"So many books, so little time."
That's the thing I say every time I stand in front of the bookshelf (or rather, one of the bookshelves) and try to decide what to read next. In a good year, I read about two dozen novels. In a great year, maybe thirty. (In a bad year, you do not want to know me.) I'm not a fan of rereading books. I don't do it very often. I can only think of two, actually: Mrs. Dalloway, because I was distracted the first time and kept losing the thread; and A Portrait of the Artist as a Young Man, because the first time I read it I was sixteen and I loathed it. (The second time, in my thirties, it was gorgeous.) Usually, I want to move on to something new.
Then there's The Great Gatsby.
I can't count the number of times I've read this book. Maybe it's the stock answer to the question, "What's your favorite novel?" but this was the one where reading it was like opening a hidden door for the first time. I first read it when I was fifteen (thank you, Angela Accardo, for assigning this in sophomore honors English) and it felt like the first truly adult novel I read. (We later watched the movie with Mia Farrow and Robert Redford, which was just awful.) I had written stories before that—juvenile things, mostly—and reading Fitzgerald was the first time I thought, "I want to do that." So, you can credit or blame him (among many others) for my being a writer.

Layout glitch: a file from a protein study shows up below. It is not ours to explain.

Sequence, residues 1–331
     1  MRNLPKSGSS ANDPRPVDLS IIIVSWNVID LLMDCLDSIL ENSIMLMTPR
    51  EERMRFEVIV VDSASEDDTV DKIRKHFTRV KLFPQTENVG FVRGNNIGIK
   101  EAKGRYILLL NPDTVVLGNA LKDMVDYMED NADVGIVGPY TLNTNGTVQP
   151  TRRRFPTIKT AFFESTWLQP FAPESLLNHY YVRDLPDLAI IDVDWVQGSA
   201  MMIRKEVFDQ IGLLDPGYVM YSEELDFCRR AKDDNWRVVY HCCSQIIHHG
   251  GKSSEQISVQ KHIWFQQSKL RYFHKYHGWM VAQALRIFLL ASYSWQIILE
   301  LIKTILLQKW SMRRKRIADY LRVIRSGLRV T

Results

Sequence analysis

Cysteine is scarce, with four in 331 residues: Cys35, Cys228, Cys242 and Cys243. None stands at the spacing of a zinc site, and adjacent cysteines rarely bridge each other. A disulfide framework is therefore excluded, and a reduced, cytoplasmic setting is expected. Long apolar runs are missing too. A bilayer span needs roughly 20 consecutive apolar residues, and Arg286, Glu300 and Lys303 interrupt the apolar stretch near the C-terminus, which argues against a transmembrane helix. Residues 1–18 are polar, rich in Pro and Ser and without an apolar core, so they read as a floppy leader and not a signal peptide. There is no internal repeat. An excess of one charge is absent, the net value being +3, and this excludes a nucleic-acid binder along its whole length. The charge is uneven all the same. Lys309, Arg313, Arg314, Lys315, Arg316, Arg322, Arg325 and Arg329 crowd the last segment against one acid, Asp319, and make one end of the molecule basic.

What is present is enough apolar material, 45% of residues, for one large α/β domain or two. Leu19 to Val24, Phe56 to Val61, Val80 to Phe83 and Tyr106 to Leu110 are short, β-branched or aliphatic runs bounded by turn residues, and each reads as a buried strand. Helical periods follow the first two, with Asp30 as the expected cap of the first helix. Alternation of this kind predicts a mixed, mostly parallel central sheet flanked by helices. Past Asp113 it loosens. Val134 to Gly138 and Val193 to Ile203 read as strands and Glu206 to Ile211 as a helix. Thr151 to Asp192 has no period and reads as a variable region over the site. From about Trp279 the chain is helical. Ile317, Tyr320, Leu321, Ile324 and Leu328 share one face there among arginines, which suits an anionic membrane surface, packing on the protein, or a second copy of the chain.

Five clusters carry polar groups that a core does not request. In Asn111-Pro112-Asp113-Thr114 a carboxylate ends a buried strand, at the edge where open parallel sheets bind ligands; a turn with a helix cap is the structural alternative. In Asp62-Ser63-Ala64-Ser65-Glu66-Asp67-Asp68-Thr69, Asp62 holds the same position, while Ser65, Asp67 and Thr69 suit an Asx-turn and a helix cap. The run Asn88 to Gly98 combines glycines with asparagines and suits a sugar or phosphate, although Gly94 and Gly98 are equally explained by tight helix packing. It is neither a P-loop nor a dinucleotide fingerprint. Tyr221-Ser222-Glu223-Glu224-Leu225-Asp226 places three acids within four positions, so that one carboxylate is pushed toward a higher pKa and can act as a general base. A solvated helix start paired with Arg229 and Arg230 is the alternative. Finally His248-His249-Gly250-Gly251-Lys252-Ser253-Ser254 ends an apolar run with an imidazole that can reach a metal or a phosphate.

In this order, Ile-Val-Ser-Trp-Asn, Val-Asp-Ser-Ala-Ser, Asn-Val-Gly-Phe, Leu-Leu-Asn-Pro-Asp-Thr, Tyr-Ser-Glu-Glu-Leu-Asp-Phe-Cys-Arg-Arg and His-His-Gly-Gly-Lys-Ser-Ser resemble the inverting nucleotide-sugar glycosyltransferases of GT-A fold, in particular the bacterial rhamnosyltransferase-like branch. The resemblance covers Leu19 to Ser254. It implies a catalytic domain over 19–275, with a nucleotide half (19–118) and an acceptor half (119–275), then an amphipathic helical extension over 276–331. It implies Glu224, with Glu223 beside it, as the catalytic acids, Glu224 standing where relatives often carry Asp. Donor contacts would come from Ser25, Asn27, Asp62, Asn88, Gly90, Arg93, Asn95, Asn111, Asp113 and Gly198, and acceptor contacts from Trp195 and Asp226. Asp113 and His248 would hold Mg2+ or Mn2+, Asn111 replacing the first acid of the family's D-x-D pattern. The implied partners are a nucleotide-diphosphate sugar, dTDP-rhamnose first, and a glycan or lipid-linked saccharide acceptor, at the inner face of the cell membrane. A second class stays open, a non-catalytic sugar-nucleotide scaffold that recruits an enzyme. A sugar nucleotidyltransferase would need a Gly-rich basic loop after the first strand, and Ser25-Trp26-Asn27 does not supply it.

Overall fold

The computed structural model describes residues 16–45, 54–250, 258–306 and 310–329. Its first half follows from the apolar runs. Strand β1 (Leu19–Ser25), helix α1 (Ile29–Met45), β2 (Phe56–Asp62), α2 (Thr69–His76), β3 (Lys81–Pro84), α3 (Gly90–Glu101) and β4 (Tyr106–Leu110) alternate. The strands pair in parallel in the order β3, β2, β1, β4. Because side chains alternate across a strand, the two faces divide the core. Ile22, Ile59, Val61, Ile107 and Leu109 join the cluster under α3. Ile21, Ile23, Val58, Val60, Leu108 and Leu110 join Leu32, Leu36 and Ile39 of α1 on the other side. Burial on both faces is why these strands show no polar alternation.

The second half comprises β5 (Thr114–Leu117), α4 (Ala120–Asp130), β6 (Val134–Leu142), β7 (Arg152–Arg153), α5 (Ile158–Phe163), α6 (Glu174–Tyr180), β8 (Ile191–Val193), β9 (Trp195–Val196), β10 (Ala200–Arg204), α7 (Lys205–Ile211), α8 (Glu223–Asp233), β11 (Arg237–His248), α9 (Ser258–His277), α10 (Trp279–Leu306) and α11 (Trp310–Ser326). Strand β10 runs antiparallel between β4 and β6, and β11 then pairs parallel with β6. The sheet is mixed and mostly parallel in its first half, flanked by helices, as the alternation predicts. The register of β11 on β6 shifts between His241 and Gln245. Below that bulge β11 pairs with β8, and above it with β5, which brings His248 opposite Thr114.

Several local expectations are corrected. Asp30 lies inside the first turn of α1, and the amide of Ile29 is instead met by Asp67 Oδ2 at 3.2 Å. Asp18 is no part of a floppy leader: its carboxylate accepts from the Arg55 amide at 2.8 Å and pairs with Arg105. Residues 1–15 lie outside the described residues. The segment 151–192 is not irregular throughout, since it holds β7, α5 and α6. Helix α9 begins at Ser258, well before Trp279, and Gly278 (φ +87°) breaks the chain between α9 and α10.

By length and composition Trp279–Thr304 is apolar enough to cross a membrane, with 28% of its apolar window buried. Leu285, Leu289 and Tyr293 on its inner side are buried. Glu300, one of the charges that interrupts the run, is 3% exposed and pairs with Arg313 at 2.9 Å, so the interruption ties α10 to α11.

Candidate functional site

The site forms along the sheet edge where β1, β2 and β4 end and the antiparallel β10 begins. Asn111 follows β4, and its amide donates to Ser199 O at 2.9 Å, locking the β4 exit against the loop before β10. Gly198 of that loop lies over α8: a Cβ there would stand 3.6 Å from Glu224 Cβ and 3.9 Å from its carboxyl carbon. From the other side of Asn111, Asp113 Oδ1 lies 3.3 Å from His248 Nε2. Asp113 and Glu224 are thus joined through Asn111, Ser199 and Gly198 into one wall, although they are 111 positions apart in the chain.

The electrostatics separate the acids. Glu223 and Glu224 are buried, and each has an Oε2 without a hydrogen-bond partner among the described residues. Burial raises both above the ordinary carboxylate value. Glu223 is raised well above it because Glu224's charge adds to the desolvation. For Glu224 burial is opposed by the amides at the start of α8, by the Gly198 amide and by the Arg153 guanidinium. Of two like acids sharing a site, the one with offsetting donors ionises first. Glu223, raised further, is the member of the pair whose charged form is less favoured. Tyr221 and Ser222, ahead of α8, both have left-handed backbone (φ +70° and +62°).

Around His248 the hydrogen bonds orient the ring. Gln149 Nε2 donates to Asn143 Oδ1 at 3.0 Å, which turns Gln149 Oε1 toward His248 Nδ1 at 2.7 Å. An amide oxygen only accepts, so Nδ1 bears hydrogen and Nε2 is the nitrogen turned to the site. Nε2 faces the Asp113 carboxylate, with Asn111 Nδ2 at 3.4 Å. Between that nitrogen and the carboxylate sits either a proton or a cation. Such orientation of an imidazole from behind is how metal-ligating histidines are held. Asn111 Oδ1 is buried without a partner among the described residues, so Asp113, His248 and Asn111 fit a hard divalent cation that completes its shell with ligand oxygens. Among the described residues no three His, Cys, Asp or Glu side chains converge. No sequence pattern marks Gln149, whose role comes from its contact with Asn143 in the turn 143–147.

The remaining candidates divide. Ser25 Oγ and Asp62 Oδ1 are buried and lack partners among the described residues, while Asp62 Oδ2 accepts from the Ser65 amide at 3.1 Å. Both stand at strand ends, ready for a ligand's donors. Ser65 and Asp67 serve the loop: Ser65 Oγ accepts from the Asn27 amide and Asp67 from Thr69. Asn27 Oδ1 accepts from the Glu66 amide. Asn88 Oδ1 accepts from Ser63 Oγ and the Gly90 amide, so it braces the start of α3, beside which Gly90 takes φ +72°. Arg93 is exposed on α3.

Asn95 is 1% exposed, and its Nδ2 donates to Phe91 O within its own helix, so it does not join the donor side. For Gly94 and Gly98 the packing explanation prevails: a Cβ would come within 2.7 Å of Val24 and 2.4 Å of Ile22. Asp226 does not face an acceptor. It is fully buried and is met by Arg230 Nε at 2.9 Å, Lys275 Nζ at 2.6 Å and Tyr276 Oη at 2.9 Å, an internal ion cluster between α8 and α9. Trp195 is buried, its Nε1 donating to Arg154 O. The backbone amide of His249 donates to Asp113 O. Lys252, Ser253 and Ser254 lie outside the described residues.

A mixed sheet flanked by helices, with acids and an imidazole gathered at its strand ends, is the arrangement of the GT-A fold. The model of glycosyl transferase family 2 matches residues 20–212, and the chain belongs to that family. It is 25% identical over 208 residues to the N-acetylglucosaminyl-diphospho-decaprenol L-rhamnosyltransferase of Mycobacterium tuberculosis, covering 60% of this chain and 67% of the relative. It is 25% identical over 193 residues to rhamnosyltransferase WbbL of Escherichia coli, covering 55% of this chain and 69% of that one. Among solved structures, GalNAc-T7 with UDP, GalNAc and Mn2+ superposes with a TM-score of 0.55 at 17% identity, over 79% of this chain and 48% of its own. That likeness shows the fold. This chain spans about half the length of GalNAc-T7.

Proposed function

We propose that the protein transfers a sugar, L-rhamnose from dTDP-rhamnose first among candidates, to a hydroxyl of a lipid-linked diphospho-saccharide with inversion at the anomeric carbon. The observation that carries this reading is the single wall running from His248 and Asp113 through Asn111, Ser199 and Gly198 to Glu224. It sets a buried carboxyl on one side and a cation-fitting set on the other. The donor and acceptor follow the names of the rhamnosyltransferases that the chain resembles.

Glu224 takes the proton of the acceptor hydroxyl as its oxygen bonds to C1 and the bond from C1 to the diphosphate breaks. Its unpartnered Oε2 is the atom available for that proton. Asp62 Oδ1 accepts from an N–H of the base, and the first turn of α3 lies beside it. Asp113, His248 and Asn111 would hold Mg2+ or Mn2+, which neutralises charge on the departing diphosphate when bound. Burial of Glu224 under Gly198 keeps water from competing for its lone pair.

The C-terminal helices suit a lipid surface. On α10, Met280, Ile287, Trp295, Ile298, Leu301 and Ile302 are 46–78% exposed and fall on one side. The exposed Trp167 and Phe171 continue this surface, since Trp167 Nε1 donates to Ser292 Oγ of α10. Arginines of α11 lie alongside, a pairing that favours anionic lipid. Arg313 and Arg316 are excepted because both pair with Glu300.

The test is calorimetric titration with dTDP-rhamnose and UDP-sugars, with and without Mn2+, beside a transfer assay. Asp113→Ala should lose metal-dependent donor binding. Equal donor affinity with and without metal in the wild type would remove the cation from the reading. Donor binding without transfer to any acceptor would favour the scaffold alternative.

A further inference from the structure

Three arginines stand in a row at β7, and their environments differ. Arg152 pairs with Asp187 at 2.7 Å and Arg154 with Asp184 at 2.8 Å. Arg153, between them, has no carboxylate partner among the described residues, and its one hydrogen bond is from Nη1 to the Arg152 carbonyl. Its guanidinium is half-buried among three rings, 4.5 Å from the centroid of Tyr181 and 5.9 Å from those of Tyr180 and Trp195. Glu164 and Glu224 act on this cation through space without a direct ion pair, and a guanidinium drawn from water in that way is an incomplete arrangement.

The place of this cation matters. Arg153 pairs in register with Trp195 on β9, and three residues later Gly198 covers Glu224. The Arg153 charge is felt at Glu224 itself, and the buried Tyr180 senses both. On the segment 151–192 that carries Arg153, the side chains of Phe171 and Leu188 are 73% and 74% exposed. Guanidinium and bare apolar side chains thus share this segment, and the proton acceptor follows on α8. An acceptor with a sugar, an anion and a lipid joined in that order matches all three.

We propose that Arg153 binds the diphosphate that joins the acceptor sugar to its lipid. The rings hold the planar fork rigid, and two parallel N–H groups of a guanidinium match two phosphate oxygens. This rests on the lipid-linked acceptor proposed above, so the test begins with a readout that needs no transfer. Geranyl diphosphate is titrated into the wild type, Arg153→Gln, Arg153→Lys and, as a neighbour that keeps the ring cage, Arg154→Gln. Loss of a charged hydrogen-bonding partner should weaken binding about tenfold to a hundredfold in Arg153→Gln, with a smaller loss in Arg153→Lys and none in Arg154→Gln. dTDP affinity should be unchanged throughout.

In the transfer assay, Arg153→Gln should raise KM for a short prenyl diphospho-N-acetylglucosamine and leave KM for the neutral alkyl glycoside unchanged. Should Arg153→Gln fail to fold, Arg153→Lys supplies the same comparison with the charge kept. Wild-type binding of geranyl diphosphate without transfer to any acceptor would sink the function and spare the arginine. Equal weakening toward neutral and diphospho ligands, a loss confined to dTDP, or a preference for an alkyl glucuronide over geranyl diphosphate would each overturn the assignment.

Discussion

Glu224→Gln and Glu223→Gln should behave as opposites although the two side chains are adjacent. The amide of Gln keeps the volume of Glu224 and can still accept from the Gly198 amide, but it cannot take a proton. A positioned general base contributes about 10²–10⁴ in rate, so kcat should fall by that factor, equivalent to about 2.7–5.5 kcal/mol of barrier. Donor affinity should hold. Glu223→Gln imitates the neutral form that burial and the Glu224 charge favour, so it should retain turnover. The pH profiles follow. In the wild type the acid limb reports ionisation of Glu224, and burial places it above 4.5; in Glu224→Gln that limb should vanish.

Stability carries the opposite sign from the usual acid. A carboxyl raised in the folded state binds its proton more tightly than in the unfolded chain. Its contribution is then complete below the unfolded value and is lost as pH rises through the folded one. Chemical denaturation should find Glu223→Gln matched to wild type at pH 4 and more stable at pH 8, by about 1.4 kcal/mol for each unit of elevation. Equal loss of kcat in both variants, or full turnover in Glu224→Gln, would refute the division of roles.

The novel was again assigned in college, and that was really the start of my long-term relationship with Jay Gatsby and East and West Egg. It's amazing how much Fitzgerald packs into this slim volume—less than 50,000 words, which would be a feat for most writers these days, to tell a story so fully in such a small space. I think it's a beautifully told precisely because of that economy. And its cautionary tale about the folly of the American Dream and the worship of wealth has, sadly, endured in relevance 85 years later, though it hasn't been heeded.
So, let's hear it. What's the book you keep returning to?